RAW files come out incredibly detailed and are easily handled in Lightroom/Photoshop. Surprisingly they don’t take as much grunt to process as expected but still may make you think twice if you have an old computer. The only thing I noticed was loading a lot of the images at once in lightroom, loading the previews took some time but actual editing is fine. RAW’s are around 36mb (1mb per mp) and JPG’s come out small at around 10mb. There is a lot of compression using JPG’s but it can’t be noticed apart from in areas of similar detail where it becomes a little smudged.
Another thing with a 36mp sensor is you have to be very technical when shooting, there is no room for error or you’re results will reflect even the slightest mis-focus. It really is so critical to be spot on. This isn’t a flaw by any means but I’d certainly be cautious using this as a walk around camera. Tripod, 2 sec timer or shutter release and manual focus all the way,
This first image shows an unprocessed photo from the A7R, exported directly to JPG:
The next image is the final exported, hardly touched except turning down the yellow channel:
And here are the lightroom settings:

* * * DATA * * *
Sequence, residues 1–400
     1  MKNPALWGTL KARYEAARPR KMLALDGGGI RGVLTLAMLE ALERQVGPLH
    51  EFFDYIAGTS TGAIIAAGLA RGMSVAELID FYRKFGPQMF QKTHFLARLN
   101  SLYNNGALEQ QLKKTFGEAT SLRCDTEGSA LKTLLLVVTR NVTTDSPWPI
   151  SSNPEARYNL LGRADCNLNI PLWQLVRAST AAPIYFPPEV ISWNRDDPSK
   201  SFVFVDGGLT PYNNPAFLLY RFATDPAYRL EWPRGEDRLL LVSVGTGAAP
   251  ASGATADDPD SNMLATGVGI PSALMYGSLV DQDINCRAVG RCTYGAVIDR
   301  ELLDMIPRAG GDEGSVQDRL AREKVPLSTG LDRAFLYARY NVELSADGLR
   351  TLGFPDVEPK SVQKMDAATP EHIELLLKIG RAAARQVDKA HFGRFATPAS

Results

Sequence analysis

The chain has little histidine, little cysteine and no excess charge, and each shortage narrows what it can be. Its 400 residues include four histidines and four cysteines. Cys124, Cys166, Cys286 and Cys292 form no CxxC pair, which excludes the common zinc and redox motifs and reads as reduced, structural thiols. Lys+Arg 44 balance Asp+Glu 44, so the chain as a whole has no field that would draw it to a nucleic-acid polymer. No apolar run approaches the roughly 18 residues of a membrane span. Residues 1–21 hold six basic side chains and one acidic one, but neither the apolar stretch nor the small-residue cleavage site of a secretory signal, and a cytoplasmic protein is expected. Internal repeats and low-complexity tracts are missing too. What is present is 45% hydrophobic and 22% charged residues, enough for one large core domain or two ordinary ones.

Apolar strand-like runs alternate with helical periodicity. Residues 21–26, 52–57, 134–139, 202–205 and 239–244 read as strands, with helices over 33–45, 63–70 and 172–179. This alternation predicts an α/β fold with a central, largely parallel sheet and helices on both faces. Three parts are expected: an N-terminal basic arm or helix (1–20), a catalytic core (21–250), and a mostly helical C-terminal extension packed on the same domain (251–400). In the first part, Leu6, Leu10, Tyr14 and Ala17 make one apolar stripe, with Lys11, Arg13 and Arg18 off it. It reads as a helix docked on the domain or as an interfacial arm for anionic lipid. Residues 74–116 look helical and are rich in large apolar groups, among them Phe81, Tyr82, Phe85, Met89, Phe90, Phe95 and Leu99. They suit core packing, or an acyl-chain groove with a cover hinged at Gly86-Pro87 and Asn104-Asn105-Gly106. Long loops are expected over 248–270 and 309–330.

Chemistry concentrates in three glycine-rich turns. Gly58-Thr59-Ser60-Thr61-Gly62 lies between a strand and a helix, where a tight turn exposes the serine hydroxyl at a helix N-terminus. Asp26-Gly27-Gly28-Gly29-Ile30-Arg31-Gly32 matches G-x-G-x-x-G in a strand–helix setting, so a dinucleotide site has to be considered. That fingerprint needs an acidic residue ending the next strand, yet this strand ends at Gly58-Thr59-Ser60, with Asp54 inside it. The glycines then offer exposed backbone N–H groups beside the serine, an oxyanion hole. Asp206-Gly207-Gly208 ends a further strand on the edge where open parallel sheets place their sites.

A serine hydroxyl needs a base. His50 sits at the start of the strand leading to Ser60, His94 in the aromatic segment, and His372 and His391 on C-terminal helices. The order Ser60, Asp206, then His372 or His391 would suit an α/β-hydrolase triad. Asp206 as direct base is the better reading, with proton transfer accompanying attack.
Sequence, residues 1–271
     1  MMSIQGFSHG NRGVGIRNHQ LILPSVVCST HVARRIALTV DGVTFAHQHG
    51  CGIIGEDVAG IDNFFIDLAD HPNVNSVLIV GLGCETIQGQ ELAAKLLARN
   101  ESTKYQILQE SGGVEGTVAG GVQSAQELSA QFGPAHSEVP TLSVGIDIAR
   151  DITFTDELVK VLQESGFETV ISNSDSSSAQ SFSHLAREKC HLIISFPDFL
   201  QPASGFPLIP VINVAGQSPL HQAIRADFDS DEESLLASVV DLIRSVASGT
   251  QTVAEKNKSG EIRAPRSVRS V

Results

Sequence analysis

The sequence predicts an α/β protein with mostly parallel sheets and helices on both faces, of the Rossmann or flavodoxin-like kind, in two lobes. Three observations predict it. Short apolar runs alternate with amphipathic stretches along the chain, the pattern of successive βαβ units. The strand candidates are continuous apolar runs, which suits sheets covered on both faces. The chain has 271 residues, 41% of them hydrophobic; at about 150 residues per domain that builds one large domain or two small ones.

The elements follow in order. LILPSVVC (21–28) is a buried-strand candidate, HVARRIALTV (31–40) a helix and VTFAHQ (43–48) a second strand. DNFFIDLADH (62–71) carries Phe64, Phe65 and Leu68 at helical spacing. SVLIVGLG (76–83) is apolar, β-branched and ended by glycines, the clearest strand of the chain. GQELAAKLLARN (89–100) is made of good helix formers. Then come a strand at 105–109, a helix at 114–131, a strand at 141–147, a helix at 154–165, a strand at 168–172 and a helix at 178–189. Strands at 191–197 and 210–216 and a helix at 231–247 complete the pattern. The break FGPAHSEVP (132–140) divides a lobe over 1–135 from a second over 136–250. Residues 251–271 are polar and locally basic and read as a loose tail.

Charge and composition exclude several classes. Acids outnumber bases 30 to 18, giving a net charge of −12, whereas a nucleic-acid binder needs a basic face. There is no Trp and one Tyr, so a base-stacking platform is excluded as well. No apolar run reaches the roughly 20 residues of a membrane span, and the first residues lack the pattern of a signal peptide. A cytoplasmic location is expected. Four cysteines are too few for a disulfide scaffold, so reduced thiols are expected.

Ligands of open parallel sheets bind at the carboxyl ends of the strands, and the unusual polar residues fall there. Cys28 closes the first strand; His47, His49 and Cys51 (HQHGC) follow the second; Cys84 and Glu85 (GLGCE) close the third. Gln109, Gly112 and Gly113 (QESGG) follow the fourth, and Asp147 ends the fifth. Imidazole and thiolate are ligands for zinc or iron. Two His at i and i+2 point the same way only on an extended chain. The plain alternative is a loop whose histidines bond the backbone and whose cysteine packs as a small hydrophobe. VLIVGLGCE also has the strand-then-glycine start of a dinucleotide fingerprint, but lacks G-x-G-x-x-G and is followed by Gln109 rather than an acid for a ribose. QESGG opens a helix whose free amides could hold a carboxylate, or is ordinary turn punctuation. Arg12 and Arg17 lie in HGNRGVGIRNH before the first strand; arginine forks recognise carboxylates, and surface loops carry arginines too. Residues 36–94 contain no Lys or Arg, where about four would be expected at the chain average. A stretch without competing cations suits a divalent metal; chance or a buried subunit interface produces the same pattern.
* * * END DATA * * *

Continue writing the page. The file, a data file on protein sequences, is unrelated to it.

Here some 100% image samples and further other images:
Value for money:
At £1699 the Sony A7R is an absolute bargain. Compare this to the D800E which is still around £2300 it’s a huge saving of £600 which you could put towards buying a lens. It also seems cheap to the overpriced Sony A99 which was Sony’s last full frame offering which has only just started to hover around the £2k. Consider the fact that smaller usually means more expensive, especially given the fact it’s an all metal body and you’re looking at something really quite tempting here regardless of what camera system you’re coming from. In fact I know many people who have adopted the A7R and used their existing lenses on it. I honestly had set £2300 aside to buy this camera and was shocked at the price. If you source from outside the UK you can get them for a smudge under £1100, which seems like daylight robbery though do take into account warranty and customs here.